Wednesday, Feb 08, 2023

Sushil vs Narsingh: The King is wrestling a young challenger. Blame it on Rio

Wrestler Sushil Kumar, the greatest ever Indian athlete, may not, in fact, make it to the Olympics later this year. Indian Express explains how, and why.

sushil kumar, sushil kumar india, sushil kumar wrestler, rio olympics, rio 2016, rio 2016 olympics, olympics 2016, narsingh yadav, narsingh, sushil vs narsingh, olympics news, sports news, sports July 18 is the latest by which it must be decided which wrestler goes to Rio. (File Photo)

What is the current uncertainty over India’s wrestling squad for Rio 2016?

Having secured six quotas through various qualification meets in the last two seasons, India ought to be celebrating its entries in all possible categories — freestyle, Greco Roman and women’s. However, it finds itself in a situation where its most successful wrestler, Sushil Kumar, the only individual double Olympic medallist, is demanding a domestic selection trial so he can go to Rio for a shy at a third medal. Sushil has participated in only two international meets since London 2012, and has also been forced to move up a weight class from 66 kg to 74 kg, even as he has stayed away from the mat, recuperating from a shoulder injury. In the mean time, Narsingh Yadav, the original 74 kg champion from India, grabbed the chance to go to the World Championships at Las Vegas in September last year, where he won a bronze and earned the quota for India.

So what is the case for Narsingh Yadav to make it to the Olympics?

He’s hopeful that what happened in Vegas doesn’t merely stay in Vegas, and he can logically fight on his earned quota in Rio a year later. Though quotas belong to the participating nation and not to the wrestler, the 26-year-old can’t be blamed for seeking a chance to convert quota into medal. He’s younger, fit, and more seasoned in the 74 kg division than Sushil. Since the buzz about Sushil going to Rio on the quota he won began, he has been defiantly defending his claim. When he cites the simple precedent of the quota-winner being the one bound for the Games, he is also displaying the hunger to prove a point while standing up to a senior and more popular compatriot.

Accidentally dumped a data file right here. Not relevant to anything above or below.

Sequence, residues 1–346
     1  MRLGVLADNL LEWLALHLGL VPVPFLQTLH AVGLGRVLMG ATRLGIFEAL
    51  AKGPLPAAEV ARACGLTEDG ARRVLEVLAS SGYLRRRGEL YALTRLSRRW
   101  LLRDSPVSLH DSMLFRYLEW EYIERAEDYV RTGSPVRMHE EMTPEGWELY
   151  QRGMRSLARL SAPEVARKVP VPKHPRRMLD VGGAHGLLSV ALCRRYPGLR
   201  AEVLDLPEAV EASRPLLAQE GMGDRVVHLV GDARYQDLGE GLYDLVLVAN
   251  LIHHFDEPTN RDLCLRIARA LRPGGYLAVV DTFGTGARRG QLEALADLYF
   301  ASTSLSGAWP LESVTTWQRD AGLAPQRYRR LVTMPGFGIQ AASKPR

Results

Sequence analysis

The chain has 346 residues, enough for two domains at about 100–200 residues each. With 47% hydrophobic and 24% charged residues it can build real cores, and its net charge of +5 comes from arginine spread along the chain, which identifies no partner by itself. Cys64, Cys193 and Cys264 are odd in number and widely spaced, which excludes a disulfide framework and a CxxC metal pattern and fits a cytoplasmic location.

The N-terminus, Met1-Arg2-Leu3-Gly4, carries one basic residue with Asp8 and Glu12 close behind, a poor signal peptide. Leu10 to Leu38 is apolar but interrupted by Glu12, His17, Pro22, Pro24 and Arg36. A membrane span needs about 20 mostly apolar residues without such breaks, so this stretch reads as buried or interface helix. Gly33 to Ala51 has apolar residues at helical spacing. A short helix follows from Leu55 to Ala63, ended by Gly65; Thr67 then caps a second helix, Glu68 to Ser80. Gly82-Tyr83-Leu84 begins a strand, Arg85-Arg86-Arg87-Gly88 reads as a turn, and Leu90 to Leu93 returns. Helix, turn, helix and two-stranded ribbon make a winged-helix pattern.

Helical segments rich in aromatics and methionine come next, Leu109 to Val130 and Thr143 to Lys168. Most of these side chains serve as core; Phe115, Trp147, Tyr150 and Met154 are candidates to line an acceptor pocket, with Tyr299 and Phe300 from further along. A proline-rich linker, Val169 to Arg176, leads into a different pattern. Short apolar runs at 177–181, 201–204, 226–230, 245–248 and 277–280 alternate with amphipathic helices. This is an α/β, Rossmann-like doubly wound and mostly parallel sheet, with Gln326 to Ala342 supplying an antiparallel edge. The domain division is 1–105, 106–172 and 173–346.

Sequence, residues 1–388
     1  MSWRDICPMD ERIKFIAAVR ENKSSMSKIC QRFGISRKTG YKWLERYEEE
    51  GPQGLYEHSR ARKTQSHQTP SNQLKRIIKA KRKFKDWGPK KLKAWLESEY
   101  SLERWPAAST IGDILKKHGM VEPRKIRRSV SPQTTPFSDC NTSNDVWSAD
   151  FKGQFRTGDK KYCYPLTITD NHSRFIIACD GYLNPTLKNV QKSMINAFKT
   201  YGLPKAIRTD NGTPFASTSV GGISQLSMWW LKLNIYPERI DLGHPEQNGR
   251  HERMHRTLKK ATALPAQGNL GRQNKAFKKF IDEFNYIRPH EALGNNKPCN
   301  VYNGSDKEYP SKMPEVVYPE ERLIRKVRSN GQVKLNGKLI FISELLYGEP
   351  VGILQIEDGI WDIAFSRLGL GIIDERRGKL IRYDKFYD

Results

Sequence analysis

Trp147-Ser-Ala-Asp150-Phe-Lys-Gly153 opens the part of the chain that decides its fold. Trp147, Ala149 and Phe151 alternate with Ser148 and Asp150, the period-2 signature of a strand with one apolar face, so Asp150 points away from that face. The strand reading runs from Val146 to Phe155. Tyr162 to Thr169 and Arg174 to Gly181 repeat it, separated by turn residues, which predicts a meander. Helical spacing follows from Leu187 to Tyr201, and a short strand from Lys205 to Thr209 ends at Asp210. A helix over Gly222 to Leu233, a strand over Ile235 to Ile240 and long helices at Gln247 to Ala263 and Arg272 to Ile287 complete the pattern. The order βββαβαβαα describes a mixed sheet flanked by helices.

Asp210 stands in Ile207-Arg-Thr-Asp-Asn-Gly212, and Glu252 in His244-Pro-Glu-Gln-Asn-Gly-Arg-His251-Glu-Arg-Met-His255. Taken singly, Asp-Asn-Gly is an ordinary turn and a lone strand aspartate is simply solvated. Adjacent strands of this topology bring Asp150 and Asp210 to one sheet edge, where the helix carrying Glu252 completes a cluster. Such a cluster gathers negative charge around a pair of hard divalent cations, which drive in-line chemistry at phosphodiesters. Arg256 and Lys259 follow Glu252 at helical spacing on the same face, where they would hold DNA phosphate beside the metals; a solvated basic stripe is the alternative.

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And why should Sushil get a stab at another Olympic Games, and possibly his third medal?

Because it’s rare for an Indian athlete to win back-to-back Olympic medals, it’ll be unwise to deny him the chance to win a third. His experience is enough for him to demand a trial at the very least. He tested the waters in the 74 kg category at the Commonwealth Games against a very modest field, and won gold. His bag of manoeuvres is supposed to be brimming over, and having trained in akhadas where it is routine to take on heavier grapplers, it isn’t such a big deal for him to fight in a higher weight division. Sushil has proved he has the guile to overcome the best in the world.

But what is the normal procedure for selecting athletes for the Indian national squad?


Olympic selections for wrestling have a controversial history, including an occasion in the mid-80s when a hockey international chaired the selection committee meeting. In Olympic cycles where there weren’t multiple challengers, the wrestler who won the quota went to the Olympics. However, there is recorded history of trials in 1984, 1992 and 1996. But again, no set procedure exists, and it is mostly the discretion of the dispensation of the day. Rules have been tweaked to accommodate wrestlers in the past.